Sport for Life celebrates social sport legacies on International Nelson Mandela Day

Sporting events have the potential to create lasting social legacies on a global scale, and few people understood this better than Nelson Mandela. 

The first democratically elected president of South Africa and an instrumental figure in the fight against the evils of apartheid, Mandela spent decades incarcerated as a prisoner of conscience before emerging as an international symbol of peace and unity. During his years as president and beyond, he championed the transformative power of sport.

He is celebrated every year on July 18 as part of International Nelson Mandela Day, which the United Nations voted to observe starting in 2009 – a testament to the way Mandela continues to inspire people worldwide. 

“Power to change the world”

Once he took power, Mandela utilized sport to unite his people in the lead-up to his country’s Rugby World Cup gold medal performance in 1995. For Mandela, the victory helped to reframe his country’s global reputation after years of it being isolated on the international stage. It began to ease the racial tensions between the white and Black population, and paved the way for disenfranchised athletes to gain access to elite teams and prove their merit.

“Sport has the power to change the world … It laughs in the face of all types of discrimination,” he said at the time, championing the phrase “One Team, One Country.”

A lasting impact

This is the sort of lasting influence Sport for Life had in mind when publishing our resource Building Social Legacies, which explores the long-term impacts that sport events can have. The case can be made that the following social legacies are just as relevant and perhaps more important than other event legacies:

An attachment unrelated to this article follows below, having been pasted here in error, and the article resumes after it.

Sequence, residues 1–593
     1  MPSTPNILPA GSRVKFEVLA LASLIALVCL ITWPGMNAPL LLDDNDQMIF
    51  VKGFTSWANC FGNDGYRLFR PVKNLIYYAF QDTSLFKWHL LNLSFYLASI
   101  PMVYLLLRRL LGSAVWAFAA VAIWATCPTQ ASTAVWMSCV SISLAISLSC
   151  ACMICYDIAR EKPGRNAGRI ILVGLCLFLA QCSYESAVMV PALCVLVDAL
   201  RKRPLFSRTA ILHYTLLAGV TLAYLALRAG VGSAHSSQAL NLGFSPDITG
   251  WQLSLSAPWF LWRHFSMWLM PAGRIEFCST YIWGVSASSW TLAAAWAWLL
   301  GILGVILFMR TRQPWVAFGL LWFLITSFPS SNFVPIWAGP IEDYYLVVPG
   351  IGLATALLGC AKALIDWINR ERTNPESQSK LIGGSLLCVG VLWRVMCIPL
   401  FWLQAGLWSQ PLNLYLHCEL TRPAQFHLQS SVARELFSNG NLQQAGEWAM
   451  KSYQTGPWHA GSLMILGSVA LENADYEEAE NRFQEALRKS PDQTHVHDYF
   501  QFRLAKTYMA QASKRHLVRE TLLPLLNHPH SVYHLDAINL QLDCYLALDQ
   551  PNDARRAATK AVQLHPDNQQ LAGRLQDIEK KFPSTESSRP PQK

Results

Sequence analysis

•  greater community cohesion,
  • improved accessibility,
  • additional community programming,
  • enhanced volunteerism,
  • greater overall sport participation, and
  • increased physical activity and improved health of citizens.

“The values that Nelson Mandela stood for are universal, and his example still resonates decades after his death.,” said Billie Tes, Sport for Life’s Manager of People and Culture. 

“I am personally inspired by his example, and through our work here at Sport for Life we continue his unrelenting work to pursue anti-racism, bring people together, and reach people through the positive influence of sport and physical activity.” 

Things to keep in mind when organizing major sporting events

A successful sporting event has the potential to impact not only the participants, but everyone involved – including the spectators. To maximize the potential to create a lasting legacy, you can follow these steps:

  • Encourage the active involvement of the community in planning side events. 
  • Consider providing micro grants to community groups to organize community celebrations or festivities that engage citizens in the process of planning and delivering community-building social legacies. 
  • Be the matchmaker. Lasting social legacies are enhanced by bringing together groups and organizations that typically do not work together. 
  • Consider what your event is doing to break down existing social barriers (e.g., addressing poverty, improving access for all, and building a sense of belonging).
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